I wish we had more time to unpack these words, for they are an insight into the nature of Mary, and why Catholics venerate her deeply. Our own parish, Our Lady of the Pines, is a function of the blessed nature of Mary. Elizabeth does not wish or offer blessing, but recognizes blessedness. Mary’s blessedness is that she is carrying the messianic child who is in turn blessed because of his unique identity and role. Elizabeth here expresses her overwhelmed realization that she is being visited by the one who is pregnant with the messianic child.

Maximus of Turin (d. 408/423). Bishop of Turin. Over one hundred of his sermons survive on Christian festivals, saints and martyrs, and here he gives us insight on John the Baptist, in the womb of Elizabeth, already becoming a preacher:

“Not yet born, already John prophesies and, while still in the enclosure of his mother’s womb, confesses the coming of Christ with movements of joy—since he could not do so with his voice. As Elizabeth says to holy Mary, “As soon as you greeted me, the child in my womb exulted for joy.” John exults, then, before he is born. Before his eyes can see what the world looks like, he can recognize the Lord of the world with his spirit. In this regard, I think that the prophetic phrase is appropriate: “Before I formed you in the womb I knew you, and before you came forth from the womb I sanctified you.” (Jeremiah 1:5) Thus we ought not to marvel that after Herod put him in prison, he continued to announce Christ to his disciples from his confinement, when even confined in the womb he preached the same Lord by his movements.”

Did you catch what Maximus says about John? He was preaching when he was in his mother’s womb, he was preaching even after his ministry and when he was confined…in whatever fashion he could move, he was an example. Something for us there, too, huh?


μακάριος, “fortunate,” is used seventeen times in Luke’s writings, and is the very word that Jesus uses in his first words in the Sermon on the Mount….it is the word “blessed”, or “fortunate”, or even “happy.” It is the Greek form of the Hebrew word ahshre, which is found in Psalm 1, blessed is the one who does not walk in the way of sinners, or seat in the seat of mockers, or stand in the way of evils doers, but his delight is in the Law of Yahweh, and on that Law he mediates yom vlaylah—day and night….he is that tree planted by the streams….Mary is the blessed of God; Mary is the fortuned of God, Mary is even superlatively blessed among all women. She is the makariosed of God. That would not mean untrammeled success and happiness throughout her life, but we know that the angel told her that a sword would pierce her heart. In just a few month’s time, she would be hastily packing with Joseph to escape the slaughter of the innocents brought on by King Herod. We see that  blessings and trials come upon us, and that evil and wickedness fall not only on the wicked, but on the just, and even the pure and innocent. Incidentally, we see in Herod’s slaughter of the innocents and the recent slaughter of 20 children in Newtown, CT, a tragic similarity—the act of a disturbed madman—one with the power of despotic and tyrannical rule, the other with the death-dealing power of weapons and fear. We’ll be speaking more about this in all of the homilies this Sunday. It will be a good opportunity to bring friends, perhaps those who do not regularly attend, to Mass, to hear a Word from God on this tragedy, and its connection to Christmas and the coming of Jesus, the Prince of Peace.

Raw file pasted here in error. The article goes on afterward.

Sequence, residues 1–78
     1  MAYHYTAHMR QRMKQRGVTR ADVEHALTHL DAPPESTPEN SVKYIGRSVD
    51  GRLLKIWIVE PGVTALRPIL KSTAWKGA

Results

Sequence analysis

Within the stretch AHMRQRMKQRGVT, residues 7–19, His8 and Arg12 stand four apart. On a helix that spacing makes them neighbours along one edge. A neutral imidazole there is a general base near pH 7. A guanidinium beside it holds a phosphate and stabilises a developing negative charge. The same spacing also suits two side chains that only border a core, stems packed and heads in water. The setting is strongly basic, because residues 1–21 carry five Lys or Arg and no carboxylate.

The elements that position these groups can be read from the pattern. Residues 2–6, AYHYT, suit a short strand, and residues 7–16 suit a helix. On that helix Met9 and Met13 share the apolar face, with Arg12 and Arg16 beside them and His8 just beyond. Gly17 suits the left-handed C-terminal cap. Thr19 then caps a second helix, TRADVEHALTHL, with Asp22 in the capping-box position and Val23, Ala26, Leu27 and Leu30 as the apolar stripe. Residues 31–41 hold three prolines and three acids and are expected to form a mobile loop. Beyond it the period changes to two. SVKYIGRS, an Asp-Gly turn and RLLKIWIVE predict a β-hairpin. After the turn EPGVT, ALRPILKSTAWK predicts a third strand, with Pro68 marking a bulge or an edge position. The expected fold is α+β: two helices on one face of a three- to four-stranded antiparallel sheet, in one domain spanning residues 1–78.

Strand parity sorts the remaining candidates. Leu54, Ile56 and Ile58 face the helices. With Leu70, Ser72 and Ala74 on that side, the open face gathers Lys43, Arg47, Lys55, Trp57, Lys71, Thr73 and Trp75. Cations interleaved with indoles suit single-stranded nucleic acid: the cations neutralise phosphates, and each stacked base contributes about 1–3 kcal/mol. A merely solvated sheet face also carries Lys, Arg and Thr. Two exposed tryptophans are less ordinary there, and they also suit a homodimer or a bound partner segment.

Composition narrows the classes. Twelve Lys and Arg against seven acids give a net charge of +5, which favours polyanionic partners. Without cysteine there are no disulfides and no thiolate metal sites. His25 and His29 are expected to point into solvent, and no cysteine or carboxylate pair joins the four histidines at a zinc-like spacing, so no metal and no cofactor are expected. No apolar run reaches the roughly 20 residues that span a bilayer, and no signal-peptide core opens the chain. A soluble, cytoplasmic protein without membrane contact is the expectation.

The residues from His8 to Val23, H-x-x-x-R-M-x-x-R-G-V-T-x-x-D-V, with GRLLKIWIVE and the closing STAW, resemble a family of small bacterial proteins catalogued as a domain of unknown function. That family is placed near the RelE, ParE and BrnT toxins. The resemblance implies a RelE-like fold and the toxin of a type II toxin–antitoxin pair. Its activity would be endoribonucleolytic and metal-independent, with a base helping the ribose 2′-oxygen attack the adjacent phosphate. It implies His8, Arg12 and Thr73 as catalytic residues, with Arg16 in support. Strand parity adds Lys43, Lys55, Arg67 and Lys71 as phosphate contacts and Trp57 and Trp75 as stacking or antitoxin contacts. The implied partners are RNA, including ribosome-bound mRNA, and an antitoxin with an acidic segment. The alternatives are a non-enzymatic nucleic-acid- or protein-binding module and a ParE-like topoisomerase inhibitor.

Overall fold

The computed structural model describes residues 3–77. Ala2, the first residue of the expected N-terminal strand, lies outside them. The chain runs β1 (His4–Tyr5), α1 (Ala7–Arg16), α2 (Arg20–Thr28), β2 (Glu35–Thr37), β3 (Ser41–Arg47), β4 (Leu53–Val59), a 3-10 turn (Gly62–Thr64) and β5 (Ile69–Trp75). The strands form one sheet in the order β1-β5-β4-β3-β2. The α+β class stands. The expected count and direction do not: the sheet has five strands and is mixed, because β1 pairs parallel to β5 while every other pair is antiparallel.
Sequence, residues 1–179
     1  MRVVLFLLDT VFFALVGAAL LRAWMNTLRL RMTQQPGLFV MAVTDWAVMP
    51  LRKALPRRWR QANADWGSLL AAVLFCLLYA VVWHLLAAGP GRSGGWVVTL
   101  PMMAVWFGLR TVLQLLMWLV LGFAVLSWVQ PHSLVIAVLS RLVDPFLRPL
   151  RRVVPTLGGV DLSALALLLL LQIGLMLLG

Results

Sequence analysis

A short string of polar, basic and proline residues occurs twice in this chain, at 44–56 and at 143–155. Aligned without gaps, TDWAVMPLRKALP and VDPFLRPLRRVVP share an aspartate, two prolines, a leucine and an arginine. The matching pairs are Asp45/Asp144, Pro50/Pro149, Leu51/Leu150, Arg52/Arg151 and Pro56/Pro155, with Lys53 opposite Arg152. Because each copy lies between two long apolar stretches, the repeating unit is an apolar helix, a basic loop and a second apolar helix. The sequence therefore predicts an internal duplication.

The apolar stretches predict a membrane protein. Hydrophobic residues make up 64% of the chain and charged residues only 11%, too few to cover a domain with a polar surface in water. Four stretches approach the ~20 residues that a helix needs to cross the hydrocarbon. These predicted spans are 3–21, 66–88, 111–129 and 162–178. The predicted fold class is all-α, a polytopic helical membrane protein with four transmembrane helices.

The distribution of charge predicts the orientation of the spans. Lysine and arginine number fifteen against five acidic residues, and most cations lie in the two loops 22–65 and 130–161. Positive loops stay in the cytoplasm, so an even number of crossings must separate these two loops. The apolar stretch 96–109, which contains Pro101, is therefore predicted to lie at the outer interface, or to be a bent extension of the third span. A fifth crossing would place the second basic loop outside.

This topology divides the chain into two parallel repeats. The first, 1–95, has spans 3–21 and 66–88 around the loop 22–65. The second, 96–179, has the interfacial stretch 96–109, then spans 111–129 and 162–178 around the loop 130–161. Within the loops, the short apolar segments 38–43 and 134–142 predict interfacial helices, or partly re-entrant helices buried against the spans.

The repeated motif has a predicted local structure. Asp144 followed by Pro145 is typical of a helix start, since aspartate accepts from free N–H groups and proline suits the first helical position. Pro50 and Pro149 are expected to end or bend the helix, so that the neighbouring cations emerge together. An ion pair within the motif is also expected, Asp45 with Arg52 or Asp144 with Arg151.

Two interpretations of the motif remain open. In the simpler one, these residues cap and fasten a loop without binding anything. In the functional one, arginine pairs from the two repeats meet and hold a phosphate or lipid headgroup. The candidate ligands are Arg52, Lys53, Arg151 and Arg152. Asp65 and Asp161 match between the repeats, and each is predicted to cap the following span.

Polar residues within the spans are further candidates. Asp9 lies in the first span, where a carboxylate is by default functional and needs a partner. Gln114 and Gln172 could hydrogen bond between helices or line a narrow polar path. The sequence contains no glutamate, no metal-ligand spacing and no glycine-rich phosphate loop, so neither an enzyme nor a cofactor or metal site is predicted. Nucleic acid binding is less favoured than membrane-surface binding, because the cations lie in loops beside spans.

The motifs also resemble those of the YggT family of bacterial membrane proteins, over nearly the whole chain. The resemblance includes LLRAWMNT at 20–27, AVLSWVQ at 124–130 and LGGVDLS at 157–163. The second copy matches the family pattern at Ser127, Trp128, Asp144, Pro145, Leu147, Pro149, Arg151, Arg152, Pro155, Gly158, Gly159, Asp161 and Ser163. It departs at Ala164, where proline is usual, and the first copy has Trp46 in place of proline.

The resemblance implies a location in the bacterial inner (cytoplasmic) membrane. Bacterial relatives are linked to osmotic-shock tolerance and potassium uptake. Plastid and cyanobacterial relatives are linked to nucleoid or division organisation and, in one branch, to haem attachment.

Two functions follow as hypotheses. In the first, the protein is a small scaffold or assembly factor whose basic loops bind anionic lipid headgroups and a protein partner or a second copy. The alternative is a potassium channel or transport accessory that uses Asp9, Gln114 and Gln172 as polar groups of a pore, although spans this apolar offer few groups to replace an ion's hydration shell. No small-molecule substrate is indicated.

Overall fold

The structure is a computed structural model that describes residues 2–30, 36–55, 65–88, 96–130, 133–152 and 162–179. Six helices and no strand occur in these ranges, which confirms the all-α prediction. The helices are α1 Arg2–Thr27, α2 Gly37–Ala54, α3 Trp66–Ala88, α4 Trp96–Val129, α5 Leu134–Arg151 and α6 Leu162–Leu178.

I will close with the poetry of Prudentius (c. 348–c. 410). Latin poet and hymn writer who devoted his later life to Christian writing.

Believe what says the angel who was sent
From the Father’s throne, or if your stolid ear
Catch not the voice from heaven, be wise and hear
The cry of aged woman, now with child.

O wondrous faith! The babe in senile womb
Greets through his mother’s lips the Virgin’s Son,

Our Lord; the child unborn makes known the cry

Of the Child bestowed on us, for speechless yet,

He caused that mouth to herald Christ as God.

Saturday, December 1, 2012

Advent: God's Wake-Up Call (First Sunday of Advent, December 2, 2012)

Gospel: Luke 21:25-28, 34-36
Jesus said to his disciples:
"There will be signs in the sun, the moon, and the stars,
and on earth nations will be in dismay,
perplexed by the roaring of the sea and the waves.
People will die of fright
in anticipation of what is coming upon the world,
for the powers of the heavens will be shaken.
And then they will see the Son of Man
coming in a cloud with power and great glory.